Project Management Institute

Egypt, renewed

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“The country has been going through continuous turmoil, facing one of the greatest social crises. The Suez Canal has a very strong symbolic value for many Egyptians.”

—Amr Adly, PhD, Carnegie Middle East Center, Cairo, Egypt

From the great pyramids to the Suez Canal, Egypt has a long history of planning grand projects—and pulling them off. However, ambitious new plans by Egyptian President Abdel-Fattah el-Sissi to lift Egypt out of its post-revolution slump are meeting skepticism.

That’s because Egypt also has a historic track record of bureaucratic delays, corruption and project mismanagement, all of which have been exacerbated by the country’s recent political turbulence. Former President Hosni Mubarak worked 14 years on an unfinished desert reclamation project whose name, Toshka, has become synonymous with grandiose government-led megaprojects.

“There’s an air of unreality to the grand project idea, and it’s remarkably consistent going back to the early 1950s in how the military has thought about the economy,” Robert Springborg, who studies the Egyptian military, told Bloomberg Businessweek.

Aiming to buck this trend, President Sissi has proposed investing US$140 billion in projects ranging from new tourist destinations and airports to development of desert land. It’s an ambitious figure for a country whose gross national income just two years ago was US$259 billion.

Digging the Way Out

The cornerstone of President Sissi’s plan is a major expansion of the Suez Canal, a powerful economic engine for Egypt.

The president wants to build a second lane for the canal, which serves as the shortest path for Asia-bound vessels leaving Europe, to allow for two-way traffic. That would dramatically expand the canal’s capacity, more than doubling its annual revenue from US$5.3 billion to over US$13 billion. The project would also bring an estimated 1 million jobs to a country plagued with rampant unemployment since the 2011 revolution.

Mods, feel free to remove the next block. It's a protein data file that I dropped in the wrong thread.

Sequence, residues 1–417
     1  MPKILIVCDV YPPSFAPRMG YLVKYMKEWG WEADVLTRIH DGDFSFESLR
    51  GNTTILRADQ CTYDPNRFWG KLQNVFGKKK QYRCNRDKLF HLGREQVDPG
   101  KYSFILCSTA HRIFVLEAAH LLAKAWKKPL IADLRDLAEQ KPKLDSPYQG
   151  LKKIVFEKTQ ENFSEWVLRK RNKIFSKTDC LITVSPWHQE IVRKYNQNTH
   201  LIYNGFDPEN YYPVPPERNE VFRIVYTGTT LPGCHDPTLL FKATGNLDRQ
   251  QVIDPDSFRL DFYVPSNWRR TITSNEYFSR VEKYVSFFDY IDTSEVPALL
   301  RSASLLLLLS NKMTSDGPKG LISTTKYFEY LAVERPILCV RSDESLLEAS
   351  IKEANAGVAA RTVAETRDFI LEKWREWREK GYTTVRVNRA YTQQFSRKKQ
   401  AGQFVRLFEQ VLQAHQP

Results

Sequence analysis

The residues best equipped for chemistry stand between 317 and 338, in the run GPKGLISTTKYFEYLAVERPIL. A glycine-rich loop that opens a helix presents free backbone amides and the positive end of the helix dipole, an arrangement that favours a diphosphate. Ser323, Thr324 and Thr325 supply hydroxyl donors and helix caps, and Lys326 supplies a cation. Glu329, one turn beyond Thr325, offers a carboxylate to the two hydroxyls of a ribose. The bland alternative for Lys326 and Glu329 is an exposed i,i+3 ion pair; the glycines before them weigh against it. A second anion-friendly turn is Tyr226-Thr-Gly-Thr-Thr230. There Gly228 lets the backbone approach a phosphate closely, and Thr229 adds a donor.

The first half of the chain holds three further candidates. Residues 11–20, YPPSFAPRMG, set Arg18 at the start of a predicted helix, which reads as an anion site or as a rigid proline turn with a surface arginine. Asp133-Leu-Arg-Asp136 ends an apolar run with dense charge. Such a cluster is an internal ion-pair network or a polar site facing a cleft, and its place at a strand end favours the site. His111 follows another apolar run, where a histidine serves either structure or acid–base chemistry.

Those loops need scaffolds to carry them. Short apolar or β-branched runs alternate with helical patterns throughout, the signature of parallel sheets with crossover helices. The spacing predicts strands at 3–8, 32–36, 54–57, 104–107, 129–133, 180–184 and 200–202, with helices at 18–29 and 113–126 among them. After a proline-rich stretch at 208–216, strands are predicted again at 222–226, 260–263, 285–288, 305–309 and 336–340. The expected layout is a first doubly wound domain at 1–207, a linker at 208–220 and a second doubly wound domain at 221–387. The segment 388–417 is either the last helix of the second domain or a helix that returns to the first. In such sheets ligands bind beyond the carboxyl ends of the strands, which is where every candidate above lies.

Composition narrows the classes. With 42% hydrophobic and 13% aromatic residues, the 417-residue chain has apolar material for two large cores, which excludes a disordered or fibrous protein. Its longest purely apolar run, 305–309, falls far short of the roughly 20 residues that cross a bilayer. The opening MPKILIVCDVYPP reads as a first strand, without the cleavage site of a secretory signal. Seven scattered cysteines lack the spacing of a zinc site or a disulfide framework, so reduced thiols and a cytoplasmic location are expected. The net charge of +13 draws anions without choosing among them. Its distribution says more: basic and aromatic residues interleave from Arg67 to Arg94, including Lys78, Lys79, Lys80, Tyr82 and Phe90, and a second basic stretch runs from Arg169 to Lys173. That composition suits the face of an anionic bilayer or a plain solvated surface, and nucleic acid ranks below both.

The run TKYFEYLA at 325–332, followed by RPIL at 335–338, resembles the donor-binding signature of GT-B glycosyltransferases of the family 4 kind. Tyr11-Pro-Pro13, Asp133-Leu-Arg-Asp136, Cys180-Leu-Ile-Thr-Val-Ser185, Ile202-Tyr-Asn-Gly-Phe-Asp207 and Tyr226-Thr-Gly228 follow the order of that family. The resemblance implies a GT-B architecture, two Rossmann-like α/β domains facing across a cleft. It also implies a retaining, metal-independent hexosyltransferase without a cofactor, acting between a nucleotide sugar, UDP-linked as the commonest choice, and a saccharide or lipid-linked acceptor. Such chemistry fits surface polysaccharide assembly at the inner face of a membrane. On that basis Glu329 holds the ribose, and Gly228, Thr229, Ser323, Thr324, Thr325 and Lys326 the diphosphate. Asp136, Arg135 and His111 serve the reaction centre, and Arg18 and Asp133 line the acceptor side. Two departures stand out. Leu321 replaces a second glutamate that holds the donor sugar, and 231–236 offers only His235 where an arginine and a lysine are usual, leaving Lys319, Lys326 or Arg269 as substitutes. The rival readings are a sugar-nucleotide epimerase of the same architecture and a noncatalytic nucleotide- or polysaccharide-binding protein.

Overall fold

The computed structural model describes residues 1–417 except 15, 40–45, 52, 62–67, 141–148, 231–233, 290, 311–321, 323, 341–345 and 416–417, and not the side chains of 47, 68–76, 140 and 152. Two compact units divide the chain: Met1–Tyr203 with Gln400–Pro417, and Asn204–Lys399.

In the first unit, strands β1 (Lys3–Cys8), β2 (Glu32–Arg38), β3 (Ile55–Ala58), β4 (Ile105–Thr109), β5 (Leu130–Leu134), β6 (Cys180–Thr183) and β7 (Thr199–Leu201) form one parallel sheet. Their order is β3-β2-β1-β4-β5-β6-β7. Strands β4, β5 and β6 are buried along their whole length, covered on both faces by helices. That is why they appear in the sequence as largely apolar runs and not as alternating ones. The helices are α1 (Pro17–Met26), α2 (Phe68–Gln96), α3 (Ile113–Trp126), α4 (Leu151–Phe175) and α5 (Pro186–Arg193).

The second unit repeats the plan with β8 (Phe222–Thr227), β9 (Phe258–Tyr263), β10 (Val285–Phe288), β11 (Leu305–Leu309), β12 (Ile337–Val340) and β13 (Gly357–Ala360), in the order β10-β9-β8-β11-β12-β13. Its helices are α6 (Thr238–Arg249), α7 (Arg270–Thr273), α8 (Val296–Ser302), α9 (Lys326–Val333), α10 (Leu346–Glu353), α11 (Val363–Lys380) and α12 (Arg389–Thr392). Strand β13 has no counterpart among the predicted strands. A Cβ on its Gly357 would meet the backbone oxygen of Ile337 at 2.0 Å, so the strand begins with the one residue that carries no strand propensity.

“The country has been going through continuous turmoil, facing one of the greatest social crises. The Suez Canal has a very strong symbolic value for many Egyptians,” says Amr Adly, PhD, a political economist and scholar at the Carnegie Middle East Center who’s based in Cairo, Egypt.

Fifty companies led by army engineers began work on the project in August. The initial plan called for completion in three years at a cost of US$4 billion to US$8 billion, but President Sissi has since asked project leaders to finish it in just one year.

A pilot boat leads a tanker carrying liquefied natural gas through the Suez Canal

A pilot boat leads a tanker carrying liquefied natural gas through the Suez Canal.

1 million

Jobs estimated to be created by adding a second lane to the Suez Canal

US$1 billion

Egypt’s planned investment in large solar energy projects

US$40 billion

Cost of a program to build 1 million homes in Egypt

President Sissi has proposed investing US$140 billion in projects ranging from new tourist destinations and airports to development of desert land.

 

Solar panels in Egypt

Solar panels in Egypt